Before I left Halifax, Ben showed me one last poem, titled “The Boy Scout Pledge.” “The Michael who wrote this is the Michael I fell in love with,” he said.
I Solemnly Swear,/Never to tell the Scoutmaster./Never to tell the others. Never to let such/Knowledge leave this tent, Never to acknowledge you/Again, Never to tighten your handkerchief again, Never to/Look in your eyes again, Never to race soapbox derby in/The sand with you again, Never to read Whitman as you/Cuddle till you sleep, Never to creep, carefully to the lake/With you again, Never to take wildflowers/To your tent again, Never to cry for you again, Never to tie/Knots in each other’s hair,/Never to breathe your air,/Never to touch your inner thigh,/Never to catch your stare./Never to be two boys together, clinging./Never to dare.
At the end of my Wyoming visit, I drove Michael from his apartment to the Bible school. He had finals the next day and was running late to a study group. At an intersection I asked him if I should turn left or go straight. “Straight,” he said, pointing the way.
“It’s funny to hear you say that, because in our XY days you used to always insist that I say ‘forward’ when we drove,” I reminded him. “You corrected any gay person who said ‘straight’ in a car.”
“I said a lot of silly things back then,” Michael said with chuckle.
“Do you regret that time?” I asked him.
“I think God had to take me to a lot of different places, and let me study many different perspectives and religions, for me to finally know the truth,” he said. “XY was just a part of that journey.”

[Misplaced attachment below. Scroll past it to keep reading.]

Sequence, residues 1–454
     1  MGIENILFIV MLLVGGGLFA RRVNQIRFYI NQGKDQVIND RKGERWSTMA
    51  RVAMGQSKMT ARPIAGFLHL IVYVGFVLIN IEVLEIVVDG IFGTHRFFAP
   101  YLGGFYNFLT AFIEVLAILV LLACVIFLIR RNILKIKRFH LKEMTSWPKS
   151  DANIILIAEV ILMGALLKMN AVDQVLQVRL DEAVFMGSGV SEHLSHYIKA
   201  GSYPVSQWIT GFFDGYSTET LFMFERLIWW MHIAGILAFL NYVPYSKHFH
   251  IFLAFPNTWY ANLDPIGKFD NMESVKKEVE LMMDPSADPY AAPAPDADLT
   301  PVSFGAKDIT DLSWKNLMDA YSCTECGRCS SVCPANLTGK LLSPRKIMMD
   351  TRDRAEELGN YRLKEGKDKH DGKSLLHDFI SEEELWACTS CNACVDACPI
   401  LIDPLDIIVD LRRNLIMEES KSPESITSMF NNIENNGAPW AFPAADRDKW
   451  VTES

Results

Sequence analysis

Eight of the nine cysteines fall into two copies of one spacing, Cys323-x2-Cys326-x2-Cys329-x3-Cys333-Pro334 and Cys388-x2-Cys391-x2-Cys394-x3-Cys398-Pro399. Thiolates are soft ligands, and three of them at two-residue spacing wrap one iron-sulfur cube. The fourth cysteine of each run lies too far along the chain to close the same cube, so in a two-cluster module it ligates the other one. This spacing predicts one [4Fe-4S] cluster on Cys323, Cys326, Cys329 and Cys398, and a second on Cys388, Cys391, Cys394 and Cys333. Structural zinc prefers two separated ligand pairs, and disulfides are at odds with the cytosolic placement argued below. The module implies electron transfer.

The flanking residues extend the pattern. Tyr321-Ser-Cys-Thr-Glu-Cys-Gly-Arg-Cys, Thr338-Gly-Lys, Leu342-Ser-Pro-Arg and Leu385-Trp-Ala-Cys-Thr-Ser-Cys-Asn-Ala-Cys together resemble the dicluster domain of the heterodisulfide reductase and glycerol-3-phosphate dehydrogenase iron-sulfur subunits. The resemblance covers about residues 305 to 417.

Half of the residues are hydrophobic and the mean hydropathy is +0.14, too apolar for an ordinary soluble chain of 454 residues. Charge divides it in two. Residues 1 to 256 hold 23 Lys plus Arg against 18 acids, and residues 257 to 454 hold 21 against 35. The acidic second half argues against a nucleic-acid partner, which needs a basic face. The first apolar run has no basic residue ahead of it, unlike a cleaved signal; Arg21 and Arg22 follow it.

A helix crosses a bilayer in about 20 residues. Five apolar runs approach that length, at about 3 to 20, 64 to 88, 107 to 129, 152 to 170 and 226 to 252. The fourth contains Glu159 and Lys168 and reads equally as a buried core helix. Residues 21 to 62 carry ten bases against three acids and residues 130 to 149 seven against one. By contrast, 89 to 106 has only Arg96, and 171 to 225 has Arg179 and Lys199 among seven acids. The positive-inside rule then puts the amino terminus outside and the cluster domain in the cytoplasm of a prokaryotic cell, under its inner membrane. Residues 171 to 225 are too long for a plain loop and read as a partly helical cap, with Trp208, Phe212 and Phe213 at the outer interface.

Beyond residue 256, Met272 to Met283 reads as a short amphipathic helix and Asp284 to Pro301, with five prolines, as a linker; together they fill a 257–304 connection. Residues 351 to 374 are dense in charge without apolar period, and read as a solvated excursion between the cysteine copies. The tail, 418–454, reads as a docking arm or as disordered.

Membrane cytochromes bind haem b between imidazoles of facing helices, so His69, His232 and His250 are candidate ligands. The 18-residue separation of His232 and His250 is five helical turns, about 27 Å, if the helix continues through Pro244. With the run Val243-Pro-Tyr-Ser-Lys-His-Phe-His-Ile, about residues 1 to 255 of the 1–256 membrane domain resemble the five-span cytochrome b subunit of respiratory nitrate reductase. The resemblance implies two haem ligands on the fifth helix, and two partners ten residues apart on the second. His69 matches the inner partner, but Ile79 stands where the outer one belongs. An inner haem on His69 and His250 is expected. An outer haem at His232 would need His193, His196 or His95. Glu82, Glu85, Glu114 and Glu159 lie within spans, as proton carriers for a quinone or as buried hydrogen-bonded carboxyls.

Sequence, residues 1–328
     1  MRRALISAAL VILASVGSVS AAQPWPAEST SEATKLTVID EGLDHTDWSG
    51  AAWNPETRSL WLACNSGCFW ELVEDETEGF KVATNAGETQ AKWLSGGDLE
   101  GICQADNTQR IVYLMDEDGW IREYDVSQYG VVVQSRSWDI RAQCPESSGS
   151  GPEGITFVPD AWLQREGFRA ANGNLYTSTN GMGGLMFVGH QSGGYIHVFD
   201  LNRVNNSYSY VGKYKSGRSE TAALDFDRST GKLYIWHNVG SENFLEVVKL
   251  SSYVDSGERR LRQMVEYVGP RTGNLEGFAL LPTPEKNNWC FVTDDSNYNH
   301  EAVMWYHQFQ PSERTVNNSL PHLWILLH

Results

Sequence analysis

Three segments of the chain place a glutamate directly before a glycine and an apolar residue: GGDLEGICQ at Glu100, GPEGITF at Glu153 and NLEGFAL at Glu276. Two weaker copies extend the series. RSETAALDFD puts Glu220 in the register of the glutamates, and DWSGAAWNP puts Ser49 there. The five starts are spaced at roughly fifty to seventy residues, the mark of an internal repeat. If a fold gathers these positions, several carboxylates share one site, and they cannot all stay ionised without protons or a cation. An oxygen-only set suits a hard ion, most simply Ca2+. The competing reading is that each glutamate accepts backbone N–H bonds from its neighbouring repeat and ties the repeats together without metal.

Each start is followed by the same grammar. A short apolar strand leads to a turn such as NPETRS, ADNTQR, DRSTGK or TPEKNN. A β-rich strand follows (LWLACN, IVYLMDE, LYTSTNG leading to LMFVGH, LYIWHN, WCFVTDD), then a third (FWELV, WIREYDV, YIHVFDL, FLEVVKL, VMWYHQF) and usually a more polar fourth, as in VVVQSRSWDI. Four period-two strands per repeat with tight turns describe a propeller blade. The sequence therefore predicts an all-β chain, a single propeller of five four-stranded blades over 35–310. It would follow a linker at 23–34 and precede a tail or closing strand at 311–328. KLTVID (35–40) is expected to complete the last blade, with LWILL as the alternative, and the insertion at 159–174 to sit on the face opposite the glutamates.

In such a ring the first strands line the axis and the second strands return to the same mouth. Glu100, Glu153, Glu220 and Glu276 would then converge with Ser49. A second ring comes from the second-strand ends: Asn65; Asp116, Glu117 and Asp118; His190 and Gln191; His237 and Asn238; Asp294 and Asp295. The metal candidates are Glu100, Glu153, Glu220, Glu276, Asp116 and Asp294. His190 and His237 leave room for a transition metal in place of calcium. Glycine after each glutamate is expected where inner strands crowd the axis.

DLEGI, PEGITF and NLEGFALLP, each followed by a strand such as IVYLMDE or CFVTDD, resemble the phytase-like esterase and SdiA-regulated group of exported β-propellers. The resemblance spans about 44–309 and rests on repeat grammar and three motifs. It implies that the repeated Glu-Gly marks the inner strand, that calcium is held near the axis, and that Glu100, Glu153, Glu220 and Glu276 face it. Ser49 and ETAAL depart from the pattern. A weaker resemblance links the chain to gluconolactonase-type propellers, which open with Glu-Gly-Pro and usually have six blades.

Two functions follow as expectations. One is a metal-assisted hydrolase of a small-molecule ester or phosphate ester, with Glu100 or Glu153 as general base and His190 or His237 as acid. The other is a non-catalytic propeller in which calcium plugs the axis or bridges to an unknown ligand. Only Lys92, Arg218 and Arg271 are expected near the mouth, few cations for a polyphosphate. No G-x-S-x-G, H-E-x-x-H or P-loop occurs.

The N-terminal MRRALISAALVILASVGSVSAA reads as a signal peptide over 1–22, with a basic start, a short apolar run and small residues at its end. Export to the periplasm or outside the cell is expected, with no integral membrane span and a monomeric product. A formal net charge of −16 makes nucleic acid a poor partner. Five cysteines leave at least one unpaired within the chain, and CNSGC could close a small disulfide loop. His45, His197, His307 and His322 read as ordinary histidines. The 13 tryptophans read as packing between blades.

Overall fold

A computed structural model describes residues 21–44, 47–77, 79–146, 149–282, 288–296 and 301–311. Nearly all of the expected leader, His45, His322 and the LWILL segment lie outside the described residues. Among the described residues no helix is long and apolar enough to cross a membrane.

I told Michael about a recent conversation I had with our former boss at XY, Peter Ian Cummings, who surprised me by wondering aloud if Michael was ever truly gay. “In retrospect, more than you or me or anyone else who worked at the magazine, his sexuality almost felt more theoretical than real to me,” Peter told me. “At a very young age, he had all these very well thought out theories about identity and sexuality. Maybe this gay or queer identity that fascinated him, and that he had taken on, wasn’t really true for him. It doesn’t explain why he says such ridiculous things about gay people now, but maybe, just maybe, he’s not in denial about his own sexuality.”
Michael looked at me. “Do you think I’m in denial?”
“I don’t know for sure what you are,” I said. “I just wish you wouldn’t write such inaccurate things about gay people.”
“They aren’t inaccurate,” he said, sounding annoyed.
As we approached the school, I asked him what he thought about last year’s highly publicized gay teenage suicides and the ensuing It Gets Better campaign, in which gay people from across the country — and high-profile political leaders, including President Obama — recorded encouraging video messages aimed at gay youth. He didn’t hesitate. “I think it’s stupid,” Michael said. “It doesn’t get better if you’re gay.”
It doesn’t get better if you’re gay? Michael would have punched me in the mouth if I said that back when we worked together. I never would have, of course, because it’s a lie. But also dishonest, in retrospect, was our claim in a 1999 issue of XY that “everyone is happier” after coming out. Michael insisted that we include that line, but it was wishful thinking, and ex-gays are living proof of it.
As I drove back to my hotel that night, I wondered if I would ever hear from Michael again. Might he call me someday to say that he was gay after all, and that his years as an ex-gay were just another pit stop in his lifelong pursuit of truth? It’s possible, but I doubt it will happen anytime soon. For an ex-gay intent on staying that way, there are few safer places in the world than a Bible school in Wyoming. The country’s least-populous state — where Matthew Shepard was murdered and left to die on a rural fence post, and where two fictional cowboys fell in love on Brokeback Mountain but never allowed themselves a life together — is also a state without a gay bar. My old friend, it seems, has picked the perfect place to go straight.